In recent years, concerns about misinformation in the media have skyrocketed. President Donald Trump has repeatedly claimed that various news outlets are disseminating ‘fake news’ for political purposes. But when the information contained in mainstream media news reports provides no clear clues about its truth value or any indication of a partisan slant, do people rely on the congeniality of the news outlet to judge whether the information is true or false? In a survey experiment, we presented partisans (Democrats and Republicans) and ideologues (liberals and conservatives) with a news article excerpt that varied by source shown (CNN, Fox News, or no source) and content (true or false information), and measured their perceived accuracy of the information contained in the article. Our results suggest that the participants do not blindly judge the content of articles based on the news source, regardless of their own partisanship and ideology. Contrary to prevailing views on the polarization and politicization of news outlets, as well as on voters' growing propensity to engage in ‘partisan motivated reasoning,’ source cues are not as important as the information itself for partisans on both sides of the aisle.
Species distribution models (SDMs) are statistical tools used to develop continuous predictions of species occurrence. ‘Integrated SDMs’ (ISDMs) are an elaboration of this approach with potential advantages that allow for the dual use of opportunistically collected presence-only data and site-occupancy data from planned surveys. These models also account for survey bias and imperfect detection through the use of a hierarchical modelling framework that separately estimates the species–environment response and detection process. This is particularly helpful for conservation applications and predictions for rare species, where data are often limited and prediction errors may have significant management consequences. Despite this potential importance, ISDMs remain largely untested under a variety of scenarios. We performed an exploration of key modelling decisions and assumptions on an ISDM using the endangered Baird’s tapir (Tapirus bairdii) as a test species. We found that site area had the strongest effect on the magnitude of population estimates and underlying intensity surface and was driven by estimates of model intercepts. Selecting a site area that accounted for the individual movements of the species within an average home range led to population estimates that coincided with expert estimates. ISDMs that do not account for the individual movements of species will likely lead to less accurate estimates of species intensity (number of individuals per unit area) and thus overall population estimates. This bias could be severe and highly detrimental to conservation actions if uninformed ISDMs are used to estimate global populations of threatened and data-deficient species, particularly those that lack natural history and movement information. However, the ISDM was consistently the most accurate model compared to other approaches, which demonstrates the importance of this new modelling framework and the ability to combine opportunistic data with systematic survey data. Thus, we recommend researchers use ISDMs with conservative movement information when estimating population sizes of rare and data-deficient species. ISDMs could be improved by using a similar parameterization to spatial capture–recapture models that explicitly incorporate animal movement as a model parameter, which would further remove the need for spatial subsampling prior to implementation.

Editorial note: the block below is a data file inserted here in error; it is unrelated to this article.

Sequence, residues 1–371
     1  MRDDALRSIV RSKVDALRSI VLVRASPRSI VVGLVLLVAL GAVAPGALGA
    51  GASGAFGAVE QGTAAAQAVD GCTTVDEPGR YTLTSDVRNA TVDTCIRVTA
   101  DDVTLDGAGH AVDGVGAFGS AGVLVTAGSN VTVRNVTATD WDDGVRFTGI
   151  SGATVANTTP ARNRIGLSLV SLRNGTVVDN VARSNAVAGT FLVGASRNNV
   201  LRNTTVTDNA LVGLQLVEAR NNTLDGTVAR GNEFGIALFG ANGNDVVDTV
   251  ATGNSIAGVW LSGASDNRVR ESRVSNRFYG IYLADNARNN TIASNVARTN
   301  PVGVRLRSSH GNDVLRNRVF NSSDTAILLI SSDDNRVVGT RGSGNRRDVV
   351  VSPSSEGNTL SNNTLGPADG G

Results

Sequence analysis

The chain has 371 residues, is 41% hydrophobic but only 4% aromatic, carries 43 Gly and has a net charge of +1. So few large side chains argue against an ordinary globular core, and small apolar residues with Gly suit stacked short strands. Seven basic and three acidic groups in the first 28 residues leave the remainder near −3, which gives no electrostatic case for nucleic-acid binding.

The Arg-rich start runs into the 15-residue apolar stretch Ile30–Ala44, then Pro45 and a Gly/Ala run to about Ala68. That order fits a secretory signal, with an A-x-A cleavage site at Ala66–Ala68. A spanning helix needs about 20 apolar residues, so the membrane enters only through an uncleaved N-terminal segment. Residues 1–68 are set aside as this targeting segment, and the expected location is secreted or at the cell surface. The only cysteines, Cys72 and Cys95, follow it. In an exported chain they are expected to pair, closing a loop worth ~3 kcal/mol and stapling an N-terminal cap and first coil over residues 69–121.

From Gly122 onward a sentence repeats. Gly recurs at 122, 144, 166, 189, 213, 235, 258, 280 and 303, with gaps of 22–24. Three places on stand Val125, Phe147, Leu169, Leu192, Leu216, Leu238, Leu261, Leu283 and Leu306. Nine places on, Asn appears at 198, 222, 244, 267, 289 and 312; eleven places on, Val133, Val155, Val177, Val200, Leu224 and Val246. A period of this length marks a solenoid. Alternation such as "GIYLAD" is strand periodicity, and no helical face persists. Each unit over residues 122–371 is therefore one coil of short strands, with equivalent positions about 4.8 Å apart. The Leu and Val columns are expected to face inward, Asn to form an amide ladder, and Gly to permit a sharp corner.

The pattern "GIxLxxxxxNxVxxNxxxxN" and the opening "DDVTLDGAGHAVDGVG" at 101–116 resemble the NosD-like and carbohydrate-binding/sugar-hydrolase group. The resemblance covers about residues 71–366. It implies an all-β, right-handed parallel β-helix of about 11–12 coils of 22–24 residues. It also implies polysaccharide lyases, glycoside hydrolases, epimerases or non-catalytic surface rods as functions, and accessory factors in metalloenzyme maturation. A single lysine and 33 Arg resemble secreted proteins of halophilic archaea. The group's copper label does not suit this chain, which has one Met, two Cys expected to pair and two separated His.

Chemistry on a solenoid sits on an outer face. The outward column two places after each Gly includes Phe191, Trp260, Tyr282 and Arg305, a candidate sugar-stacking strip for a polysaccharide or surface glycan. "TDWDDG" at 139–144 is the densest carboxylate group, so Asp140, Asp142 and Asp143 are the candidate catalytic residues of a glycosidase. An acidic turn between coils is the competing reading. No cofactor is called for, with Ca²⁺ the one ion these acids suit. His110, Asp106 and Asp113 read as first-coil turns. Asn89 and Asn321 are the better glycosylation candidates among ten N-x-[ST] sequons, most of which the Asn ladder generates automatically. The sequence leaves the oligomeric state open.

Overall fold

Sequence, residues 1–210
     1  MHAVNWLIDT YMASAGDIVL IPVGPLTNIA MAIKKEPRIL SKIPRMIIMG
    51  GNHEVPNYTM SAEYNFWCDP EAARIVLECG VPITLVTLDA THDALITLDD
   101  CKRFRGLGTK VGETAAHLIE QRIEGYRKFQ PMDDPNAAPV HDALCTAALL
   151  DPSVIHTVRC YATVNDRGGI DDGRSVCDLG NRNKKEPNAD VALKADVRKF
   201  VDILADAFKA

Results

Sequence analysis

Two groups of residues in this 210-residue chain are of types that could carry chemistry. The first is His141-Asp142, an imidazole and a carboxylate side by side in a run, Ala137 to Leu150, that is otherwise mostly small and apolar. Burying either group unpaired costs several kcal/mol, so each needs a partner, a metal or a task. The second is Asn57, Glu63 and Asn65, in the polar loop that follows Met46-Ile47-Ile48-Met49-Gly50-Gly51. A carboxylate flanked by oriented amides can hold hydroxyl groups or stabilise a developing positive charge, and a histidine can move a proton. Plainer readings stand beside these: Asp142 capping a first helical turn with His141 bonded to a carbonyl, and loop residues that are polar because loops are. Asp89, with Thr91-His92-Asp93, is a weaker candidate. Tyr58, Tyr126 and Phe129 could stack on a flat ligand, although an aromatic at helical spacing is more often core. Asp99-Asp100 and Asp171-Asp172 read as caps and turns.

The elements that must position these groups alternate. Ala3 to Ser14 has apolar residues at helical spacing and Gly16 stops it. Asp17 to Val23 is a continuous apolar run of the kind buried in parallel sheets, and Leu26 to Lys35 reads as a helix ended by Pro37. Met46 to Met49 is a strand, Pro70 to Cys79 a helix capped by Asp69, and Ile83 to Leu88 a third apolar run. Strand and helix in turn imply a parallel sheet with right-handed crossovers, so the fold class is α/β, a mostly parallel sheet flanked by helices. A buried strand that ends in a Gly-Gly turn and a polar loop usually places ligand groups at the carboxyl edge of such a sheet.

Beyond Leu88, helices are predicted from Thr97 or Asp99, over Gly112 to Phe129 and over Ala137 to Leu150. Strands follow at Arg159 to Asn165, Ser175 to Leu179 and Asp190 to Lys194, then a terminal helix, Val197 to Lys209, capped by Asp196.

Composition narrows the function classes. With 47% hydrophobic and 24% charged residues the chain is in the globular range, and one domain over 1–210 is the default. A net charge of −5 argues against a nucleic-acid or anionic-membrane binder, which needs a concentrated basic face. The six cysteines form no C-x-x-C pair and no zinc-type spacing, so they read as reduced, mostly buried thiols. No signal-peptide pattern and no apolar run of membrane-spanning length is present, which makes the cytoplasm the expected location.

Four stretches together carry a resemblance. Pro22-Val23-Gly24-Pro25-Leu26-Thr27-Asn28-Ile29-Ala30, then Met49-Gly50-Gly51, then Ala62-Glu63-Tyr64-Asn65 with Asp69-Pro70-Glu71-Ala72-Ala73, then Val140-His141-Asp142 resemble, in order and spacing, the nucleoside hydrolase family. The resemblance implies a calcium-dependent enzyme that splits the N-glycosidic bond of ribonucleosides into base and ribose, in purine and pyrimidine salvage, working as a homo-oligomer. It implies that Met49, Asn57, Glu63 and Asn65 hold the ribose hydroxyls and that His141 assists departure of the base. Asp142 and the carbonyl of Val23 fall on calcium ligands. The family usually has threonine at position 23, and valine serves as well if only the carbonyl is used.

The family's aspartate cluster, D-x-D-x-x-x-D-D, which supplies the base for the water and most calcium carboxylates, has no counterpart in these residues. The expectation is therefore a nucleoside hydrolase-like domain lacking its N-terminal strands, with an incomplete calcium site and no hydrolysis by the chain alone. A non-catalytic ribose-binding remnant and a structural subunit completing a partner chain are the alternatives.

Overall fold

Advance care planning (ACP) is identified as being an important process for people with dementia. However, its efficacy for improving outcomes relevant for the individual, carers and the health system has yet to be established.
We conducted a systematic review with the aims of testing the efficacy of ACP for people with dementia and describing the settings and population in which it has been evaluated.
A search was completed of electronic databases in August 2016. Articles were included if they described interventions aimed at increasing planning for future care of people with dementia, delivered to the person with dementia, their carers and/or health professionals.
Of 4,772 articles returned by searches, 30 met the inclusion criteria, testing interventions in nursing home (n= 16) community (n = 10) and acute care (n = 4) settings. Only 18 interventions directly involved the person with dementia, with the remainder focusing on surrogate decision-makers. In all settings, interventions were found effective in increasing ACP practice. In nursing homes, ACP was found to influence care and increase the concordance between end of life wishes and care provided. Interventions in the community were found to improve patient quality of life but were not shown to influence concordance.
Future research should focus on ways to involve people with dementia in decision-making through supported means.